|Plan||Monthly Price of Plan||Monthly Data|
|Platinum Plus||$89.95||6 GB|
Customers should note that in addition to purchasing a device ($80), and paying the one-time activation fee for the device ($20), they will be charged a monthly access fee of $3.95 for all plans except the Free plan.
The NetZero Hotspot
Currently, the only device NetZero offers to connect you to the internet is its HotSpot. In addition to its micro-USB charger, the HotSpot is capable of connecting to your devices through a USB tether — so you don’t have to broadcast over WiFi if you want a more reliable, wired connection.
NetZero advertises that the Hotspot can simultaneously connect between five and ten devices to WiFi, depending on the model you buy. We weren’t impressed that there is only one model available, and it’s only available refurbished. (In case you’re wondering, they don’t specify if the model available is the one that supports five users, or ten.)
You can transfer your NetZero account to another compatible device, but you’ll need to individually search for your device in the Bring Your Own Device toolkit before knowing whether it’s compatible or not. Unfortunately, they don’t provide a list of sample devices, and their toolkit requires an IMEI or MEID identifier — a number that is unique to each tablet, mobile hotstpot, or USB modem. Shopping around for a replacement also means finding a store with a good return or exchange policy as you hunt around for a device compatible with NetZero.
- AT&T: AT&T holds a slight edge over NetZero. Their download speeds are slightly faster (a maximum 12 Mbps instead of a maximum 10 Mbps), and they don’t require you to purchase a device — though you can rent one for $20 per month. NetZero is the more economical option, but only at the lower service tiers. As soon as you go above 2 GB of data per month, however, AT&T becomes the better choice, especially if you need a lot of data. Both AT&T’s and NetZero’s highest service tiers cost $90, but NetZero’s comes with a 6 GB data cap — and AT&T’s plan offers unlimited data.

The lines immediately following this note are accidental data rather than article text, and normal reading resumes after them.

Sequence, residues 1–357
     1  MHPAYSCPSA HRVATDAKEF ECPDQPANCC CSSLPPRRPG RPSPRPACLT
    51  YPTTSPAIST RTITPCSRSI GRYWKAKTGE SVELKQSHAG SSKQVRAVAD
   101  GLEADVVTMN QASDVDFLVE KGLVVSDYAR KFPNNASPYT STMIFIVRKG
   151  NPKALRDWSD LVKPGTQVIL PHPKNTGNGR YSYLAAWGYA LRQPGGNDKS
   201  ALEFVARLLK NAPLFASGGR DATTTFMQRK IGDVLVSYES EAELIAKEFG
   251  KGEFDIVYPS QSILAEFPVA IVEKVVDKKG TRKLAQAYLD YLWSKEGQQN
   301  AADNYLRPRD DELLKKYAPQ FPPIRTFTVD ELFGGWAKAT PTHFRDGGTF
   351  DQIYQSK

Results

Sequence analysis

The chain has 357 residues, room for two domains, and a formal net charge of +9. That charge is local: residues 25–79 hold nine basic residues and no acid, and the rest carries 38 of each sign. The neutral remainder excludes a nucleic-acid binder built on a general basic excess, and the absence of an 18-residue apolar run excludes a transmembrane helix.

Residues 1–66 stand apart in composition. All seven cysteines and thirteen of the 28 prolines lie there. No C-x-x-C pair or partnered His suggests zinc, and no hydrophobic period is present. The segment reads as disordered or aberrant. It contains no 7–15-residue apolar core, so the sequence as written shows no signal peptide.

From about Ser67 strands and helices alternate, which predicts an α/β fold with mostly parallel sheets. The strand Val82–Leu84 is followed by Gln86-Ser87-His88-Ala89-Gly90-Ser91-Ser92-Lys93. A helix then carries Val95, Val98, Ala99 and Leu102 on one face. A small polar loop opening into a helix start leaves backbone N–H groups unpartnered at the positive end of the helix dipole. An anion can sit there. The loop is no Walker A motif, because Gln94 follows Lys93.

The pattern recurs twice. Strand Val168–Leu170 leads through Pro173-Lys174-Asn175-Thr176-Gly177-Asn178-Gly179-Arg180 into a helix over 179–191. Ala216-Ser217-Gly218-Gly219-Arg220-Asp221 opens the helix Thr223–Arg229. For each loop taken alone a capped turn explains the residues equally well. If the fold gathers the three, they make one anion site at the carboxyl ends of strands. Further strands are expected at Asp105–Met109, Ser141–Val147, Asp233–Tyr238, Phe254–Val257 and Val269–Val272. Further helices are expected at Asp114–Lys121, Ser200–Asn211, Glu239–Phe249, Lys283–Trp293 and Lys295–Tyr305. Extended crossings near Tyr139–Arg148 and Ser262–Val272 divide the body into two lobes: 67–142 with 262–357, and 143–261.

- FreedomPop: Both FreedomPop and NetZero offer a free mobile data plan (you’ll still have to pay for any device you acquire through FreedomPop), and have similar data caps for their plans. FreedomPop’s plans have the advantage of being significantly cheaper — anywhere from $7 to $30 less for the same data cap as NetZero — but that’s in exchange for a reduced download speed. NetZero reportedly clocks in at 10 Mbps, while FreedomPop caps at 5 Mbps. Unlike NetZero, however, FreedomPop also offers data rollover plans ($3.99 to $6.99 per month). There are some restrictions, but this allows you to roll over any unused data to the new month.
- Verizon: Verizon remains one of the best companies for 4g broadband wireless, with reliably fast speeds (12 Mbps) and high customer satisfaction ratings. On the other hand, on customer satisfaction surveys NetZero either doesn’t make the the top ten, or isn’t mentioned at all. Verizon’s lowest plan is 2 GB per month for $35, which beats out NetZero’s plan for speed and price ($42.95). But if 2 GB is too much data, you might be better off either NetZero’s Basic or Plus plans.
The Bottom Line
If NetZero is available in your area, it’s always worth comparing its plans to that of the other internet service providers in your area, particularly if you only use mobile data occasionally, or don’t need it to stream music or movies. While it’s a decent option for lighter plans, NetZero’s higher service tiers are typically outpriced for the data and speeds they offer.